It might look like honours even on paper, but the Proteas have the advantage going into day four.
Crucially, the Proteas have a five-run lead. It might not seem like much, but it means they can start afresh on Saturday and build from ball one, with just one wicket down, and with the shine off the new ball.
On a pitch that seems to be playing more tricks as the match wears on, and against a side who still have to bat again, and with a hobbling Ross Taylor in the Kiwi middle-order … this is South Africa’s match.
New Zealand have fought hard for the past two days. I said yesterday that Kane Williamson would be the key wicket, but he added another 52 runs to his overnight total, and it’s what allowed the Black Caps to gain a first-innings lead. It was a beautiful knock to watch, and it took an excellent delivery from Kagiso Rabada to remove him.
BJ Watling battled hard for his 50, and Taylor’s return to the crease might yet prove invaluable, for he added an extra 17 runs with Neil Wagner. But Taylor has a tear on his calf, and he looked extremely uncomfortable. It will be difficult for him to make an impact in the fourth innings.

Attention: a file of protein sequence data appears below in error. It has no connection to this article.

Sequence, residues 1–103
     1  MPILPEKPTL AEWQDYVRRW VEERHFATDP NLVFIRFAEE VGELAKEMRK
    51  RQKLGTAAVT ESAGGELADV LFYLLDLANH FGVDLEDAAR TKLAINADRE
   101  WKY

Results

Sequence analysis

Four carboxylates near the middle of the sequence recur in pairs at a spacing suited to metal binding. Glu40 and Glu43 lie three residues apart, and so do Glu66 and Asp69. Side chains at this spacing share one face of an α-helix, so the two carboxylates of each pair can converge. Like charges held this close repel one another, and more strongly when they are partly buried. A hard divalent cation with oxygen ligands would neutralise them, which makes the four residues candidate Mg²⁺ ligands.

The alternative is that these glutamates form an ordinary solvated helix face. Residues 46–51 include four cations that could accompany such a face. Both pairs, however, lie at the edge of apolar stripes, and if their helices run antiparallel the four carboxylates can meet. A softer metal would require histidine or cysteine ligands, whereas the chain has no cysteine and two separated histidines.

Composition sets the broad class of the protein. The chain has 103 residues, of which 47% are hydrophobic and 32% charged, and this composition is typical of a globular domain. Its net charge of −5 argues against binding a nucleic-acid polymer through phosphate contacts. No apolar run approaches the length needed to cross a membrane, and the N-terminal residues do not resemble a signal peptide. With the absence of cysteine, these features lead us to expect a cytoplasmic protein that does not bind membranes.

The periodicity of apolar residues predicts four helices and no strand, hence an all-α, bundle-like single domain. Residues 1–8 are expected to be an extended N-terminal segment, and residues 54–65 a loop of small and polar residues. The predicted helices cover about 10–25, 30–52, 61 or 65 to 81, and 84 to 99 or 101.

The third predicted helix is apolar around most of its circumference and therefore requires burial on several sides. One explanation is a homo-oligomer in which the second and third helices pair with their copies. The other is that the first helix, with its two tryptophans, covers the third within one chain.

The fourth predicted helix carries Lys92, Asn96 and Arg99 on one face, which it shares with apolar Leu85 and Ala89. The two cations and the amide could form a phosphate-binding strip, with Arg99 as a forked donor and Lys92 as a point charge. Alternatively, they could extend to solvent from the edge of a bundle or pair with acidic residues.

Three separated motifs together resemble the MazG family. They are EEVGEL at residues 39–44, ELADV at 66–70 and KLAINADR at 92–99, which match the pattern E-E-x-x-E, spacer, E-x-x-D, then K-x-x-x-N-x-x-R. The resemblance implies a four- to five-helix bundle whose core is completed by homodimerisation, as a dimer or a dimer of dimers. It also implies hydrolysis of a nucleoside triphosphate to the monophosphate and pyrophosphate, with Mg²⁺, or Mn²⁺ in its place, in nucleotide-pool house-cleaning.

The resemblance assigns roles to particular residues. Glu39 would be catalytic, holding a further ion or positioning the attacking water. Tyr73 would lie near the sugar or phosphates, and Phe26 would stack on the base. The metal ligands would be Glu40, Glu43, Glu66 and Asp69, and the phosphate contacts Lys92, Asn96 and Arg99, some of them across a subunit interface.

Keshav Maharaj, who collected his maiden five-wicket haul, proved that spin is going to play a massive role from here on. He used the pace and bounce of the wicket to get most of his scalps. The ball rushed on Watling to see him off, before a bit of extra bounce saw Wagner’s blitz come to an end. The finger spin of Jeetan Patel could be something to look out for tomorrow.
The fact that the Proteas only lost one wicket in that 18-over spell in the evening session means that they can pretty much start from the beginning on a better pitch than the New Zealanders will bat on. Stephen Cook walked when he didn’t need to for his duck, perhaps confused by the fact that he brushed his bat on to his pad. But an in-form Dean Elgar, a run-starved Hashim Amla and the rest of the top order should be able to steer the tourists towards a challenging target.
Photo: Dianne Manson/Gallo Images